Prices at the pump are back up again this year, though they have dipped recently. According to the AAA Daily Fuel Gauge Report, the average price of a gallon of regular gasoline was at $3.61 on June 23, 2011. That's down from $3.83 a month ago but up markedly from the $2.74 price per gallon a year ago. As a result, Obama had been under increasing pressure to tap the reserve.
With prices actually falling, Doug Cote, the chief market strategist for ING Investment Management, told the New York Times, "This looks like thinly veiled stimulus. The big question weighing on the market is why now?"
Some speculated the timing was largely political.
"The cascade of bad economic news is poison for a president running for re-election," Larry Sabato, political science professor at University of Virginia, told Reuters. "But politics is about smoke and mirrors. This now allows the Obama administration to claim credit for the fall in oil prices."
Asked about the timing of the decision to tap the reserves, White House Press Secretary Jay Carney said it was due to the upcoming summer season when demand increases.
"We don't anticipate or predict prices," Carney said. "What we are addressing is an impact caused by a supply disruption (due to unrest in Libya) and at this time it's necessary to do it because we're about to enter a season when demand is at its highest."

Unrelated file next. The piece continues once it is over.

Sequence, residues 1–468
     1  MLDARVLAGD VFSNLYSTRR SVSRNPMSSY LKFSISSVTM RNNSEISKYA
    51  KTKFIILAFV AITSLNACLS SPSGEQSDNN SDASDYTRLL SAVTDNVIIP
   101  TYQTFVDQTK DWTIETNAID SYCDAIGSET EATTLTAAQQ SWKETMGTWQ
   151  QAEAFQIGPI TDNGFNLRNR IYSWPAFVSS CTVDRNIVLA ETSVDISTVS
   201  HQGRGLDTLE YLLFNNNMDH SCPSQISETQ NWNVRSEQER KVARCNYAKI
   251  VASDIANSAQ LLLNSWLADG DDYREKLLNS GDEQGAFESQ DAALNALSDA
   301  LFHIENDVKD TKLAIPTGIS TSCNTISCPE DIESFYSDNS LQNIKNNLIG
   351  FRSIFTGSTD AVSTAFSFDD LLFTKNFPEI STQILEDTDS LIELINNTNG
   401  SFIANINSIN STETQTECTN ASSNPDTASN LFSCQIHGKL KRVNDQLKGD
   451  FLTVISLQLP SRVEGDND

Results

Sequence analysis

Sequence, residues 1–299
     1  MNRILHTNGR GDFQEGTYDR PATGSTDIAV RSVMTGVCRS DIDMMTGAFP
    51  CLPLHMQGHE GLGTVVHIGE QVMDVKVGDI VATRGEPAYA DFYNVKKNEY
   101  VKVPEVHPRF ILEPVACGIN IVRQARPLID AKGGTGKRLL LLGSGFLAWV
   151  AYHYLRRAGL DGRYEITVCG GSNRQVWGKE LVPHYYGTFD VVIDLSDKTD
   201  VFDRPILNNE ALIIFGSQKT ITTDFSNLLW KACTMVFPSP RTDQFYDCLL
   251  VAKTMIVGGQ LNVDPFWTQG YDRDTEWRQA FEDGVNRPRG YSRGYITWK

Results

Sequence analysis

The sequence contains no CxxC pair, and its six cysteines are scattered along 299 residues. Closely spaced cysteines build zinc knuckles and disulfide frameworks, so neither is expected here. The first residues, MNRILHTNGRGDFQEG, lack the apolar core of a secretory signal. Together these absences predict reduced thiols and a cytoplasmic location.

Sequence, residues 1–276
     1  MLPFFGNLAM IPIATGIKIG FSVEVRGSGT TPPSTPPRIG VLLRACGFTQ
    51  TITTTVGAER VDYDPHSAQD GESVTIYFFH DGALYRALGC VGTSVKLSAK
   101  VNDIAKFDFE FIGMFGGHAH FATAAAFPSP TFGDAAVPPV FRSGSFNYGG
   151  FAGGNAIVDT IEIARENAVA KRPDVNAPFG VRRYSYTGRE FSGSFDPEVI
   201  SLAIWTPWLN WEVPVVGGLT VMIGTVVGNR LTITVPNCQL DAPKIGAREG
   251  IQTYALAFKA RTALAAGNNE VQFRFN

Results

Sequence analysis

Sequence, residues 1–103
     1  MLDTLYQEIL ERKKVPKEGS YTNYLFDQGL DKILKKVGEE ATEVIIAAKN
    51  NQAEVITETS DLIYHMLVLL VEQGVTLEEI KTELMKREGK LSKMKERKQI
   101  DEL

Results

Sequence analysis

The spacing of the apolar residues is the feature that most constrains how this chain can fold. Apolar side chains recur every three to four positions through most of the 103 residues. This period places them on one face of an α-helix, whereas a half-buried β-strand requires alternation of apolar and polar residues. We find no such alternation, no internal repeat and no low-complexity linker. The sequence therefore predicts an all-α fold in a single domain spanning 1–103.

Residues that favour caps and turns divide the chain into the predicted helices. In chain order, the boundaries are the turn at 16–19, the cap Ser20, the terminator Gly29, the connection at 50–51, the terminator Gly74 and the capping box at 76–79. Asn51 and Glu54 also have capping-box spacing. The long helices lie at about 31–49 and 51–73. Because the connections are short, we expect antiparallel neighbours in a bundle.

Whatever the reason, Obama has made good on his promise. We rate this one Promise Kept.
Department of Energy, Press release: "Department of Energy to Release Oil from the Strategic Petroleum Reserve," June 23, 2011
International Energy Agency, Press release: "IEA makes 60 million barrels of oil available to market to offset Libyan disruption," June 23, 2011
AAA Daily Fuel Gauge Report
New York Times, "Global Oil Reserves Tapped in Effort to Cut Cost at Pump," by John M. Broder and Jackie Calmes, June 23, 2011
Politico, "Obama administration taps Strategic Petroleum Reserve," by Dan Berman, June 23, 2011
New York Times, Strategic Petroluem Reserve (U.S.)
New York Times, "Stocks Fall Sharply, Then Cut Losses," by Christine Hauser, June 23, 2011
Reuters, "Obama takes flak for tapping emergency oil reserves," by Ayesha Rascoe and Timothy Gardner, June 23, 2011
No action yet on the Strategic Petroleum Reserve
Updated: Monday, January 4th, 2010 | By Catharine Richert
Back in the summer of 2008, gas prices shot up to about $4 a gallon and Washington was abuzz with proposals to make it cheaper. One approach: Dilute the market with gasoline from the Strategic Petroleum Reserve, a stockpile of fuel.
It's a promise that made its way into Barack Obama's campaign platform. But by the time Obama took office in January 2009, gas prices had fallen to an average of $1.84 a gallon. Since then, gas prices have increased -- a gallon currently costs about $2.50 -- but have not become so expensive that Obama has had to tap the reserve.
So, Obama promised to release fuel from the reserve to keep gas prices low, but he hasn't so far. That said, we wouldn't say this is a Promise Broken because gas prices haven't become unusually high. As a result, we'll move this promise to Stalled and keep our eye on Obama's strategy should gas prices skyrocket again.
The Washington Post, Obama Calls for Tapping Petroleum Reserve , By Perry Bacon Jr., Aug. 4, 2008